Most CNC service providers are capable of manufacturing parts directly from CNC turning and milling drawings. In fact, in some cases, they may even prefer these drawings over CAD files. There are several reasons for this preference:
- Interpretation of Geometry: Some service providers are trained to quickly interpret the geometry of a part from a 2D drawing. They are skilled at understanding the dimensions, shapes, and features represented in the drawing.
- Clarity and Identification: 2D blueprints make it easier to identify the main dimensions, functions, and critical features of a part. The information presented in a technical drawing allows for a clear understanding of the intended design.
- Cost Assessment: Assessing the cost of manufacturing a part can be easier when using a 2D drawing. Service providers can evaluate the required machining operations, material usage, and tooling requirements more effectively.
It is important to note that technical drawings can be a significant part of sourcing custom parts, and there are various standards and best practices for drafting them. However, if your drawing effectively communicates all the technical requirements clearly, the specific drafting techniques used become less relevant. The key is to ensure that the drawing provides comprehensive information for the manufacturer to understand and produce the desired part accurately.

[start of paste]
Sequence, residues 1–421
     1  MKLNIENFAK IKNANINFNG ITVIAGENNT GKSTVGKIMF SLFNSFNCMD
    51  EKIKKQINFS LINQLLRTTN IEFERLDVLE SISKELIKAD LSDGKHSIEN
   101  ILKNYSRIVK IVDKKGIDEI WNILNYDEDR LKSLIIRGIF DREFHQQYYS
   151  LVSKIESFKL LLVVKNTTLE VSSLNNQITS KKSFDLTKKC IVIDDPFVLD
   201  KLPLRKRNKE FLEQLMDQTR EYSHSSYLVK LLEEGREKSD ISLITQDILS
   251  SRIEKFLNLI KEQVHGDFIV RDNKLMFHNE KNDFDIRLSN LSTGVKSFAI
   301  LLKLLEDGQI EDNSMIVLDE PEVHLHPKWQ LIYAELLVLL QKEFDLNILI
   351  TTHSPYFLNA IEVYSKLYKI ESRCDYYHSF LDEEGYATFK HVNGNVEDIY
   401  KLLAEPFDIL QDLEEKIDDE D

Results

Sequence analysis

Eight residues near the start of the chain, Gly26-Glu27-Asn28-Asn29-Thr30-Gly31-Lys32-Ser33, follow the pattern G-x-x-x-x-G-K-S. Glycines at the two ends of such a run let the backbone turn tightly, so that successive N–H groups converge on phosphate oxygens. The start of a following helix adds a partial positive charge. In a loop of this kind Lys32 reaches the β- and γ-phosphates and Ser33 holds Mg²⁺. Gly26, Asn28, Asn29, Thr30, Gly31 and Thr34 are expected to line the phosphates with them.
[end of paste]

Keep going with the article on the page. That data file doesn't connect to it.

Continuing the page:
What is the anatomy of a technical drawing? #
The anatomy of a technical drawing typically consists of several key components that convey essential information about the design and manufacturing requirements. Here are the main elements found in a technical drawing:
- Title Block: Located in the lower-right corner, the title block contains important information such as the title of the drawing, part number, revision history, scale, date, and the name of the drafter or designer.
- Drawing Views: These depict the object or part from different angles to provide a comprehensive understanding of its shape and features. Common views include front view, top view, side view, and isometric view.
- Dimensioning: Dimensions are used to specify the size and location of features on the part. They are typically represented using lines with numerical values, arrows, and extension lines. Dimensioning may include linear dimensions, angular dimensions, and tolerances.
- Geometric Tolerancing: Geometric tolerances provide additional information about the allowable variation in form, size, orientation, and location of features. It ensures that the part meets the required design specifications.